Daniel E. Moerman, an expert on the placebo effect at the University of Michigan-Dearborn said “patients’ feelings about what helps them feel better trump the judgment of the physician.” In those cases, he wrote, dummy pills “can be as useful as ‘real’ ones.”
On one level it’s encouraging to see the scientific community recognize, in this limited way, that the mind of the patient has an affect on his health. That’s clearly what’s at work when placebos are effective in treating physical conditions, including pain. The medical research makes this point.
I’m wondering, however, if we should see the use of placebos in treating pain, or any other medical condition, as the final solution. Perhaps it can point researchers in new directions for more effective pain care. Maybe it’s just the beginning of new solutions in treating pain.
In her writings over 100 years ago, the idea of consciousness affecting pain was described by Mary Baker Eddy:
In my exploration of how consciousness and spirituality affect health I’ve found that positive results extend beyond the possibilities described by those who do research on placebos. I’ve come to realize that the application of spiritual laws can bring healing to many medical conditions. I’ve personally experienced it.
Several weeks ago I strained a muscle in my knee. The next day, it was painful and I considered putting ice on it. Then I said to myself, “OR”, I could change my thought about the pain and know that my relationship with God could effectively and safely address it. After a few moments of prayer the pain quickly disappeared, never to return.
Because placebos involve some deception, I’m wondering if the placebo should be seen as the answer to the question of “how does consciousness affect health?” Maybe it should be taken as evidence that consciousness does affect health, and the extent to which this occurs goes beyond the use of “fake” medical treatment. Perhaps it’s through exploring, and coming to understand, the spiritual nature of man that permanent healing of pain, not just temporary relief, can be brought about.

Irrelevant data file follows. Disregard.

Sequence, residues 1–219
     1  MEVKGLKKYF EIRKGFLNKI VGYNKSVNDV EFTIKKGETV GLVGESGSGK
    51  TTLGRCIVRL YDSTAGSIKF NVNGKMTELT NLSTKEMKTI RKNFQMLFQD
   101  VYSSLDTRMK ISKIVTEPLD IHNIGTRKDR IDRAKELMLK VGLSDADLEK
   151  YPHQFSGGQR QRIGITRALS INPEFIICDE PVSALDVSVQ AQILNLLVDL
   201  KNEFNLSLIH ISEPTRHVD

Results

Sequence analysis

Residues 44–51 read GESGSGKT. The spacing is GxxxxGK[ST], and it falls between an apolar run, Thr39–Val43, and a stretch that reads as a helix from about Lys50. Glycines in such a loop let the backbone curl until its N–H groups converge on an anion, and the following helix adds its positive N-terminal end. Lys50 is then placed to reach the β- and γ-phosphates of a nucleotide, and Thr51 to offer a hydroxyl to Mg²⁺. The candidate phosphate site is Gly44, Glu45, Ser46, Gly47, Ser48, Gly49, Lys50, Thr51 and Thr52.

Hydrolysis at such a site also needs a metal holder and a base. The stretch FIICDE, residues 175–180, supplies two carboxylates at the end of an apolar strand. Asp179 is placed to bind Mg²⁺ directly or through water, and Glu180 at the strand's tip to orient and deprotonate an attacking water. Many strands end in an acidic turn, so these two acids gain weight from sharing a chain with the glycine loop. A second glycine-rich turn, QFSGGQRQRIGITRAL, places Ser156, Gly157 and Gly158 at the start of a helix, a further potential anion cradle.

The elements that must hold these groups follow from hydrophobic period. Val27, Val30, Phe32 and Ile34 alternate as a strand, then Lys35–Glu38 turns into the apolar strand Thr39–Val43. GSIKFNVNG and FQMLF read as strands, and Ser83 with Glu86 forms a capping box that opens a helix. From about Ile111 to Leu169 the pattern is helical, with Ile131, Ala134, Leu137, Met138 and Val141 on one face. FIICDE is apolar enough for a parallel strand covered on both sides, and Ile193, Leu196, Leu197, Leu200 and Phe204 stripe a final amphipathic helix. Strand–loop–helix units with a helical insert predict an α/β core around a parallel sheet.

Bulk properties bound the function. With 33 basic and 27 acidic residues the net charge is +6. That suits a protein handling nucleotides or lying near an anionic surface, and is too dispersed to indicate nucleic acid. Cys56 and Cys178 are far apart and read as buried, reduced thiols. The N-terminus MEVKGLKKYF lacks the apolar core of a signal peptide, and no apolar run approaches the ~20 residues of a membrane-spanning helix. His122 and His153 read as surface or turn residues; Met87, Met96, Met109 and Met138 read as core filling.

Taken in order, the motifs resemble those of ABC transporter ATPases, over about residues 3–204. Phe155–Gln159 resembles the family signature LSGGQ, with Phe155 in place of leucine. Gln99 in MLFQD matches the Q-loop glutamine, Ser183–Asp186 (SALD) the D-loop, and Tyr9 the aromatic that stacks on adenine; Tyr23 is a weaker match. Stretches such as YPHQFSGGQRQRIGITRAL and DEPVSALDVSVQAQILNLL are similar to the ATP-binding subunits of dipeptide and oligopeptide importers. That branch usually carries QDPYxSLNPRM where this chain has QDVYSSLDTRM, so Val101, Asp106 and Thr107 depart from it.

To me, spirituality is the endgame, which not only makes the patient better physically, but also benefits him mentally and spiritually. Patients then feel as if they have been, not just tricked into health, but made new from the inside out.
By John D. Clague, Christian Science Commitee on Publication for Oregon.
Everywhere I go there’re runners. Here in TrackTown, USA there’s almost always an atmosphere of “get out there and go!”
But when Eugene hosts special track and field events the atmosphere is electric.
The University of Oregon is a track and field powerhouse, thanks to Bill Bowerman, one-time US Olympic track coach, and other great coaches, as well as Phil Knight, both co-founders of Nike. It hosts significant meets every year at its famous Hayward field, such as the NCAA West Preliminary Round, the Prefontaine Classic, and the USA Outdoor Track & Field Championships.
But the creme-de-la-creme came this year, just like 2008, with the U.S. Olympic Team trials.
I’ve often wondered if the cheers of the crowd make a difference in the performance of top individual athletes. I’ve noticed that teams often win more games on the home field or court.
So what about the Olympics? In my quest to answer this question, this is what I found.
[C]ountries see an increase in their medal market share in the games after they are awarded host status, and then see another increase in medal market share in the games they host.
So if athletes appear to perform better in the Olympics and other sporting events when surrounded by their fellow countrymen, what about the rest of us? Could it be that having our own “cheering section” could help our performance somehow? Or is it more than that?
What about other areas of life? Could the home court advantage of fellowship with those that share the underlying commonality and approval of our values, culture, and spiritual ideals affect our health somehow?
There is some research to suggest that it does.
Faron Dice of SmileFM in Michigan discovered a number of studies that show there are health benefits that come with simply attending church:
-Church attendance is the number 1 predictor of marital stability (Journal of Marriage and the Family, 40)
-Attending church is helpful in the prevention of cancer, heart disease, and mental illness (National Institute of Healthcare Research in America, June 2000)
-Teens who attend church are 4 times less likely to commit suicide (Journal of Chronic Disease, 25)
-Church attendees stay half as long during hospital stays (Duke University)
-There is an additional life expectancy of 7 years (Demography, May 1999)
-People attending church report a 50% higher weekly average income (UCLA School of Medicine)
-Church goers have fewer heart attacks (National Institute of Mental Health)